A poem by Frankie Kennedy, suggesting that the exploration of fellow humankind is often the greatest form of travel. Illustration by Dave Hänggi.
Forget the trains, the trams,
the planes we would take to get there,
those miracles of rock, of stone, of glass.
Forget the bronze sand, the scent
of warm salt and spice, the music of foreign tongues,
that benevolent babble as dusk falls.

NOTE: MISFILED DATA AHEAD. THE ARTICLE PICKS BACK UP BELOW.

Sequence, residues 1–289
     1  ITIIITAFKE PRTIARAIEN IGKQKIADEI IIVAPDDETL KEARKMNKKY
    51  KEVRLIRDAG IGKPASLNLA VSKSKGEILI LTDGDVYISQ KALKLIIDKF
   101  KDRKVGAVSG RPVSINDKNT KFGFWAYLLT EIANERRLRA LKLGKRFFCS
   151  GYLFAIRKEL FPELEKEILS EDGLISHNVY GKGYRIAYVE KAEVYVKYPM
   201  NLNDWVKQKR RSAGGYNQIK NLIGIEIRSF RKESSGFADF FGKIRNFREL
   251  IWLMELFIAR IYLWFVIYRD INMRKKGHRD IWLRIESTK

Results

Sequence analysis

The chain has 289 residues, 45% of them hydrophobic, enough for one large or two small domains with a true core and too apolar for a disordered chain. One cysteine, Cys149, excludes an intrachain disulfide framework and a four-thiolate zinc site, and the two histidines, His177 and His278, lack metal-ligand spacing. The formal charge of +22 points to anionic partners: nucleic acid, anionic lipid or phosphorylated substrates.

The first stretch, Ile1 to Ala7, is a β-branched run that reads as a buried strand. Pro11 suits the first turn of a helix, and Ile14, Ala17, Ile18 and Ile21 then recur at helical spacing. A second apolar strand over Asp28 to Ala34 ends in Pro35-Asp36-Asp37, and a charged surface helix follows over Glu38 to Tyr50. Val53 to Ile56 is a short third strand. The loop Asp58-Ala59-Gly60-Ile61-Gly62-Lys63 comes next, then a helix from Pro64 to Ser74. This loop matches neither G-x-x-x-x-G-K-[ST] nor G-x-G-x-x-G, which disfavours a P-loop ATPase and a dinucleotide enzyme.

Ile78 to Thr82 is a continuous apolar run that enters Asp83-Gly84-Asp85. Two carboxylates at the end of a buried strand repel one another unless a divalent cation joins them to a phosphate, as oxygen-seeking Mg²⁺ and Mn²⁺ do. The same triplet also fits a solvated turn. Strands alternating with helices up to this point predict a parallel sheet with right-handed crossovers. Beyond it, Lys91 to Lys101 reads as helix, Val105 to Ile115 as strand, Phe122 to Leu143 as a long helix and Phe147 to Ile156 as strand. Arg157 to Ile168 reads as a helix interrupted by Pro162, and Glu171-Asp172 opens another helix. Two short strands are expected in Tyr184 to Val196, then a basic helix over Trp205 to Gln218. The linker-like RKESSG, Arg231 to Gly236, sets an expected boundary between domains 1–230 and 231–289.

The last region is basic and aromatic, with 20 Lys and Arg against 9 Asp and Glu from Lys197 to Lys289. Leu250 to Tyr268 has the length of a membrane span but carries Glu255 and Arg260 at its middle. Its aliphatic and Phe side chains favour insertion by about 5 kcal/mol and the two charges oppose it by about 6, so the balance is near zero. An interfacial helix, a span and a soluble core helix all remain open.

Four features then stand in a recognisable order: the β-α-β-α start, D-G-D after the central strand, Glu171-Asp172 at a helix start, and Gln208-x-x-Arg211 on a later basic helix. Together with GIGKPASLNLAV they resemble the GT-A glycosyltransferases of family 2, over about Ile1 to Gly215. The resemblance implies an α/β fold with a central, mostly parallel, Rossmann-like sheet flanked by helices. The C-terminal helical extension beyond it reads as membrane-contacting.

Forget the world’s cities and seas,
its forests and plains and mountains,
its buildings, its parks, its streets.
Forget all of this. The greatest adventure
does not live within continents, countries,
states or counties.
It lives in bone, in brain, in blood,
in the beat of the heart and the tip of the tongue,
the soles of the feet, waiting to run.
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